I studied the food chains of many places, including: Mt. Lemmon, Pond Waters, etc. and absorbed the knowledge given to me. I loved learning about “Food Chains” and “Food Webs”, which by the way aren’t the same thing. A “Food Chain” describes the energy flow of more than one organism, where a “Food Web” describes the flow of energy from one organism to the next, as they are consumed by a predator or as they consume prey.

      Making an ecosystem was fun, exciting, and educational. It helped me to understand that if even one adjustment is made to an ecosystem, some organisms can die, or be drawn to extinction: from starvation or any other events that can hurt an ecosystem. The “Food Chain” was so cool, just by observing the ecosystem every day; I could see the flow of energy. It was definitely my favorite part. 

      This adventure with Ecology has made me look at the world in a different way, we see the world as something already developed, but in reality it has to run itself each and every day. Our world depends on these organisms to run smoothly, and we need to recognize that when we think of our world. So, next time you go to the park or go and run outside, think of Ecology, and all it takes to get our world to run like it does.

 

Our Backyard Biosphere

By Madison

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    In our class we are building a backyard biosphere. 

   “It was pretty hard to catch the insects because they would all hop away. I was not able to catch anything but I thought it was pretty amazing that my class caught crickets, grasshoppers, lizards and more.”

    It has been a very fun class time because we get to observe the animals.

    The lizards are eating the crickets and meal worms. We have to feed them five meal words, two large crickets and three small crickets each day because the lizards get hungry. The crickets are amazingly huge. They hop really high. We made a chart to keep track of how cold it is inside and outside and the movement of the animals. The average temperature is 20-degrees Celsius to 25-degrees Celsius, but 20, 21 and 22 is the main temperature.

      This project was very amazing. I enjoyed this project a lot. It was a lot of fun, was more fun than our other projects. I hope we do this again and get bigger lizards in our environment so we are able to see them and they don’t hide like our lizard we named Patricia, and our other lizard we have doesn’t hardly move. This project was amazing, and I hope I get to do it again.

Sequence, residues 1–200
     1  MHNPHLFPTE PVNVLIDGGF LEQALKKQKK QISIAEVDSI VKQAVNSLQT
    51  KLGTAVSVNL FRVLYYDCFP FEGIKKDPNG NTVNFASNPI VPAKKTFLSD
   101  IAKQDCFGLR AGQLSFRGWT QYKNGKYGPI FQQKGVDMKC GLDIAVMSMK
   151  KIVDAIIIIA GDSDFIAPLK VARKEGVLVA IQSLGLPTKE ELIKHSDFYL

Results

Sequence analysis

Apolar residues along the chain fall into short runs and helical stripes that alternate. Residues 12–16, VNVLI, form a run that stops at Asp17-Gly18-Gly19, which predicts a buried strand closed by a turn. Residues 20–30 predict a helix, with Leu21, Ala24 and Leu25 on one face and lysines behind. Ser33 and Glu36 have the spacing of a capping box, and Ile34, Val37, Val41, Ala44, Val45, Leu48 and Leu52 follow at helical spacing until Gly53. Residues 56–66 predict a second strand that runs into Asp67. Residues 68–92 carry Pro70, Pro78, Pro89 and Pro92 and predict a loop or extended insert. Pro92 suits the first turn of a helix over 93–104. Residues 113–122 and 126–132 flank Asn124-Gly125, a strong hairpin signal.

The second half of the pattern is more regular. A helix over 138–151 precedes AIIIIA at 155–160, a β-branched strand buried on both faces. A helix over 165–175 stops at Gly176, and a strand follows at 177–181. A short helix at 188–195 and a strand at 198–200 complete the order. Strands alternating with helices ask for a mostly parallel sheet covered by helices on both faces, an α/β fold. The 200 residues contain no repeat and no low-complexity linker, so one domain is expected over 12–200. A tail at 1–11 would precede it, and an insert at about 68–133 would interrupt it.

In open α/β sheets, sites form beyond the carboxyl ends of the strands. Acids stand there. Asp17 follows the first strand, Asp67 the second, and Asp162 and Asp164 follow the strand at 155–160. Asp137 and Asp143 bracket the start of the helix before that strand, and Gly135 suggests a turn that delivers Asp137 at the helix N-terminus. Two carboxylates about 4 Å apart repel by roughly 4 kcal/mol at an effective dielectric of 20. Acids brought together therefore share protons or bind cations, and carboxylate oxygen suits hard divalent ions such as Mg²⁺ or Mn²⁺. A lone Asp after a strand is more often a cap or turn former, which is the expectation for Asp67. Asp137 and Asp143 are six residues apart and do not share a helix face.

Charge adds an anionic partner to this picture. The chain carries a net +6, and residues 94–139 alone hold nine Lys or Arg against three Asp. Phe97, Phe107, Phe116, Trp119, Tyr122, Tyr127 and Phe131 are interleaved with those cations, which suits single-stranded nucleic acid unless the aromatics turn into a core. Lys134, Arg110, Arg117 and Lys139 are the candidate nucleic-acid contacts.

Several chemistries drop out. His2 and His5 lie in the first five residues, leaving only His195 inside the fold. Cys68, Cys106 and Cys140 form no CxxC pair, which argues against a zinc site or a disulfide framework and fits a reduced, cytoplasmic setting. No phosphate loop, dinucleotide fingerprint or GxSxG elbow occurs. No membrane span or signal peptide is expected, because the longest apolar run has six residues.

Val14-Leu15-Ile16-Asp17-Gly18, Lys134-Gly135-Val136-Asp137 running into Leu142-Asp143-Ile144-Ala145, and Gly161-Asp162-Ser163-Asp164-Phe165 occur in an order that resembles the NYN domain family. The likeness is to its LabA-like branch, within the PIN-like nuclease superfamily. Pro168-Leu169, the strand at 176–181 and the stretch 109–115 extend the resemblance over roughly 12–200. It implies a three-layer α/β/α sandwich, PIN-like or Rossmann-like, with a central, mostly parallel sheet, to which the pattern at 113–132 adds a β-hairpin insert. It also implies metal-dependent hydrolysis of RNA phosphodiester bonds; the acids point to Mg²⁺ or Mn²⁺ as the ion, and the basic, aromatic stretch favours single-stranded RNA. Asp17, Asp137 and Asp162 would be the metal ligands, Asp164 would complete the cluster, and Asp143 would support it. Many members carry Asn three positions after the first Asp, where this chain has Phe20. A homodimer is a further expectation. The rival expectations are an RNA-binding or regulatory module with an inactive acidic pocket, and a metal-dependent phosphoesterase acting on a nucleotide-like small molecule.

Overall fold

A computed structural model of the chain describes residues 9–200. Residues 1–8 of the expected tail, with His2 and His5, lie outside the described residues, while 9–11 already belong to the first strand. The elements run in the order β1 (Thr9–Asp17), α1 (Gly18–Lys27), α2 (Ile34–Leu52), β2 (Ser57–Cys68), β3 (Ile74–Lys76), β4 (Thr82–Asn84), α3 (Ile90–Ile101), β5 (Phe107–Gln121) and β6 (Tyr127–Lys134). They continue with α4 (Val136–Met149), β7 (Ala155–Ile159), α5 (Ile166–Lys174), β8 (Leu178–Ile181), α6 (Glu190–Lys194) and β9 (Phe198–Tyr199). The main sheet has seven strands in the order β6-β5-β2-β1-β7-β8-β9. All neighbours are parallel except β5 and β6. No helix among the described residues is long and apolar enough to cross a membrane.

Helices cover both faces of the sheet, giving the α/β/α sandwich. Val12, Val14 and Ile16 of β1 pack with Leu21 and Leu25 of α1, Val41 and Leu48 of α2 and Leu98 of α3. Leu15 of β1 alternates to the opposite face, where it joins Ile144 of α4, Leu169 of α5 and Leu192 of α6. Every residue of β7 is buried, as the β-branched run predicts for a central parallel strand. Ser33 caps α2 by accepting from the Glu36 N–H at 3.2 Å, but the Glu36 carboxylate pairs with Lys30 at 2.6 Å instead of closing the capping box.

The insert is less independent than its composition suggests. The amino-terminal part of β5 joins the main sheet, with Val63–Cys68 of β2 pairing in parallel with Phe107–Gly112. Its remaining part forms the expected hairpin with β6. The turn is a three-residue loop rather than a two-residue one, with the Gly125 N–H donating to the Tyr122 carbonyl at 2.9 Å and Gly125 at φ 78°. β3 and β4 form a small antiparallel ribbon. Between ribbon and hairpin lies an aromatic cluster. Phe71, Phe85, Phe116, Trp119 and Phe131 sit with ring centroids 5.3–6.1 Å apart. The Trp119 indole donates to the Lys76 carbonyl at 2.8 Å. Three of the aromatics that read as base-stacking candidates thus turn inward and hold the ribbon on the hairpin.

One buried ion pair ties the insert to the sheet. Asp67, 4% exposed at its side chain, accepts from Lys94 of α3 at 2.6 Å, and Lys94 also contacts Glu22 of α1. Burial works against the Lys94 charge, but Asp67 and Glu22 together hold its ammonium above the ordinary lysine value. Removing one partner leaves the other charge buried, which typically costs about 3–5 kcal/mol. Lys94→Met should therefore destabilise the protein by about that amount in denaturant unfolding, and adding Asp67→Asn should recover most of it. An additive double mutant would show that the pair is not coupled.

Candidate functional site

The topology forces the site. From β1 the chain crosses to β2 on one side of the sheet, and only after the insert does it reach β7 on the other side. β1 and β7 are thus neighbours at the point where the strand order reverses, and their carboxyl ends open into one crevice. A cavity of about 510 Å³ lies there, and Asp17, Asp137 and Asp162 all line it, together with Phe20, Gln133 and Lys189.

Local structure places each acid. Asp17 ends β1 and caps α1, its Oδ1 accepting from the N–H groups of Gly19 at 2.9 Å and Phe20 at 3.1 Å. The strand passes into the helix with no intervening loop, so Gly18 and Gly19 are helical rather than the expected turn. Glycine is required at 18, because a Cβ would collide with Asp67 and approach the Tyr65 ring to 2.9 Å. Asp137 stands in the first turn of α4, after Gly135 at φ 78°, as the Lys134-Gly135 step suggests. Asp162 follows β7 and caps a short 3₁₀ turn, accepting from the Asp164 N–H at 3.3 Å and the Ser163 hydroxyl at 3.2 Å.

Our Class Biosphere

By Sebastian

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   We created a biome full of organisms. It was a project of ecology. The biome contains biotic and abiotic factors. Everything in the biome was part of a community.

    Each organism had a niche. The biome was very life like and realistic. It was very similar to a natural habitat. 

   “I was able to witness some of the things these organisms would do in a natural habitat. For example, a lizard was using camouflage by laying on a log the same color as himself.”

    It was an interesting experience witnessing the habitat and how the animals and insects interact with the biotic and abiotic factors. 

 

Ecology Article

By Bianca

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   For two weeks, our seventh grade classes have been studying ecology. We made our own ecosystem. This contained ants, lizards, crickets, and meal worms. So it has abiotic and biotic factors.

    For these two weeks we fed our organisms. We put grapes and carrots. To make it a better environment, we added plants, cholla and rocks. Also, we kept track of the temperature and observed them and wrote it down.

    We learned about food chains and food webs. Our question was “How does energy flow through an ecosystem?” You would need decomposers, consumers, and producers. I learned a lot about this project, and I loved it!

 

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A”Backyard Biosphere” in a 7th grade science class

 

 

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A detailed poster of the large predators that inhabited one of the “Backyard Biospheres”